MiniLuxe is trying to Starbucks-ize nail salons, and it’s pursuing a key strategy to do so: expanding. Last week, the chain opened its first California location in the Los Angeles neighborhood of Brentwood, a preview of more to come in the state.
In the highly fragmented nail salon industry, MiniLuxe’s goal is to differentiate itself by providing consistently top-notch services from trained professionals that don’t leave customers with crises of conscience as they walk out the door. As it enters its largest market yet, it will face a critical test as to whether it can reach that goal while broadening its customer base.
“The most important measure of our success is going to be: Can we be the brand behind reimagining what nail services and waxing services mean to people?” said Tony Tjan, chairman and cofounder of MiniLuxe, and chief executive officer and managing partner of venture capital firm The Cue Ball Group. “Can we be the most trusted brand out there?”
MiniLuxe is confronting many problems associated with cheap-and-dirty manicures and pedicures. Nail salons have been slammed for labor violations, using potentially toxic products and not paying attention to hygiene. Distinguishing itself from the subpar pack, MiniLuxe is adamant its standards on those three fronts are unparalleled. When it comes to hygiene, its locations house so-called clean labs where tools are purified according to surgical criteria. MiniLuxe’s in-house nail polish brand is “five free” or, to be specific, doesn’t contain formaldehyde, dibutyl phthalate, toluene, formaldehyde resin or camphor.
Labor practices are a particular point of emphasis at MiniLuxe. The chain offers non-commission guaranteed hourly wages, 401(k) packages, paid time off and health insurance. Employees also keep all their tips and are given equity after five years with the company. “They are much more than just people painting on a nail. Could you imagine them as equivalents to baristas and as artists or designers?” said Tjan, adding, “We are at a moment in nails where there is so much more to be done to elevate it to the level of fashion.”
Rather than slapping together salons without a cohesive approach, Tjan asserted MiniLuxe is entirely intentional in its design. The chain’s aesthetic is modern and minimalistic, but Tjan remarked it’s avoided being antiseptic. The palette is largely white with contrasting hints of rose gold and wood. Fashion illustrations dot the walls. “The first set of designs leaned a little bit more on the clean, Scandinavian side. I think now we have leaned more fashion and glammed it up,” said Tjan.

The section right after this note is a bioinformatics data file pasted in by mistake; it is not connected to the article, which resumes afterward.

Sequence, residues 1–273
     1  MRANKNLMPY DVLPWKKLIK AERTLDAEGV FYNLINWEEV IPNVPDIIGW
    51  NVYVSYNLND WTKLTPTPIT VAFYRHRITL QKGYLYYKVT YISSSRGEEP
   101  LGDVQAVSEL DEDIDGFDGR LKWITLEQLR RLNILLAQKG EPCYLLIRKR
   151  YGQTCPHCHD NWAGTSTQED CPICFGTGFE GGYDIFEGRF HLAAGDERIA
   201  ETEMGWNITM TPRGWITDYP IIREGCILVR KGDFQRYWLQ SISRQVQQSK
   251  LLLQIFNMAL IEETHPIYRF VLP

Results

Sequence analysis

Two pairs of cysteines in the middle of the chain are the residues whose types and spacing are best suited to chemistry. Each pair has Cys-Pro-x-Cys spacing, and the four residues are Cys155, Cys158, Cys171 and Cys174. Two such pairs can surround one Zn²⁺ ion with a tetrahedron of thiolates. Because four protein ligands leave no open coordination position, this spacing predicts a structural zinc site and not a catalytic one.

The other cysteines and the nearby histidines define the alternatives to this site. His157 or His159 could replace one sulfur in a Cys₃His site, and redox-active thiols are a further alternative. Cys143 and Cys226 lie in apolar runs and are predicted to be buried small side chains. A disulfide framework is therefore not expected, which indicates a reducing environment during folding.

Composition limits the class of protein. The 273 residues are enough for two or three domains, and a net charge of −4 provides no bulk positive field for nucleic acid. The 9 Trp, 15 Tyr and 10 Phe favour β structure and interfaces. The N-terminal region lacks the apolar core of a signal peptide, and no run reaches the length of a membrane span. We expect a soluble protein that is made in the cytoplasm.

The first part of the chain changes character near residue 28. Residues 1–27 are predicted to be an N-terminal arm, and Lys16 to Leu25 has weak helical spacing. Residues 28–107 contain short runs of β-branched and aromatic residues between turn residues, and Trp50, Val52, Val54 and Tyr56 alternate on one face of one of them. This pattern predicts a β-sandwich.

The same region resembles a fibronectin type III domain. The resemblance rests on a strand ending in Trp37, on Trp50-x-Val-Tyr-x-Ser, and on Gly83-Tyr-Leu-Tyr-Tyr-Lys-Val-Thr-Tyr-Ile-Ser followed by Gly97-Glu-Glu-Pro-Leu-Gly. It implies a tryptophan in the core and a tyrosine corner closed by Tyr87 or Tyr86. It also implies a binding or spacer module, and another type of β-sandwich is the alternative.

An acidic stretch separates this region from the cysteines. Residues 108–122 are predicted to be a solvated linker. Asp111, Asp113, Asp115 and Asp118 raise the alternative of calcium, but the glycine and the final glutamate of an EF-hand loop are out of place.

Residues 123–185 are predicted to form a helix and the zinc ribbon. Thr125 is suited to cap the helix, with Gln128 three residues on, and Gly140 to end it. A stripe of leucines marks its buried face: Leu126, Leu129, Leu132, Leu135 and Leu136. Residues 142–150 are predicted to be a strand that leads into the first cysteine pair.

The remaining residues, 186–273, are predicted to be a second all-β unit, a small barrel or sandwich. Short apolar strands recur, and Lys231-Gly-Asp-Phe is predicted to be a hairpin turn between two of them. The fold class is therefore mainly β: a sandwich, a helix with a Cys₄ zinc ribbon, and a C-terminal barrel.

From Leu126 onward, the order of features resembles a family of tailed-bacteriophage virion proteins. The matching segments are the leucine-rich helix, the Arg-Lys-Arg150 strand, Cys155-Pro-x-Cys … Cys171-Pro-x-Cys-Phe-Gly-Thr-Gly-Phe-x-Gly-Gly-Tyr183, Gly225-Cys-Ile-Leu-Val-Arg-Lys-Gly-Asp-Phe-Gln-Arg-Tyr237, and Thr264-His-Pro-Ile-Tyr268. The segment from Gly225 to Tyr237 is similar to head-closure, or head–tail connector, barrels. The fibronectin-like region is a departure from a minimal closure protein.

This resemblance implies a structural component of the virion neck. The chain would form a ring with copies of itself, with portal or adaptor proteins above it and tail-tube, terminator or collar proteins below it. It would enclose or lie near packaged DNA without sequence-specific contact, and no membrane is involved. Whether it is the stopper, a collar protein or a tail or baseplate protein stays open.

Including Brentwood, MiniLuxe has 20 locations nationwide, with five in Texas and the rest in Massachusetts, where the company started in Boston. The plan is to enter new geographic areas and cluster a series of salons there before branching out to other areas. In Southern California, MiniLuxe is headed next to West Hollywood and Beverly Hills. MiniLuxe’s salons average 1,300 to 1,800 square feet with six to eight manicure stations and six to eight pedicure stations.
In 2017, MiniLuxe intends to add at least 10 units and double the size of its staff that currently stands at 500 employees. In its mature locations, Tjan reported MiniLuxe is yielding “sales per square foot comparable to Neiman Marcus or higher. What drives that is having clients that are happy, and coming in and utilizing the service through as many parts of the day as possible.” Neiman Marcus registered $548 per square foot for fiscal year 2016.
Earlier this year, MiniLuxe raised $7.5 million from Cue Ball and Horowitz Group, which were both part of a $23 million round in 2014. “We have a very, very long-term, patient vision. We think we should be very disciplined, and you never want to grow in a way that compromises quality,” said Tjan. “We don’t have any time frame on our capital. We are going into this to build a great business that generates a superior business model that reinvests in itself.”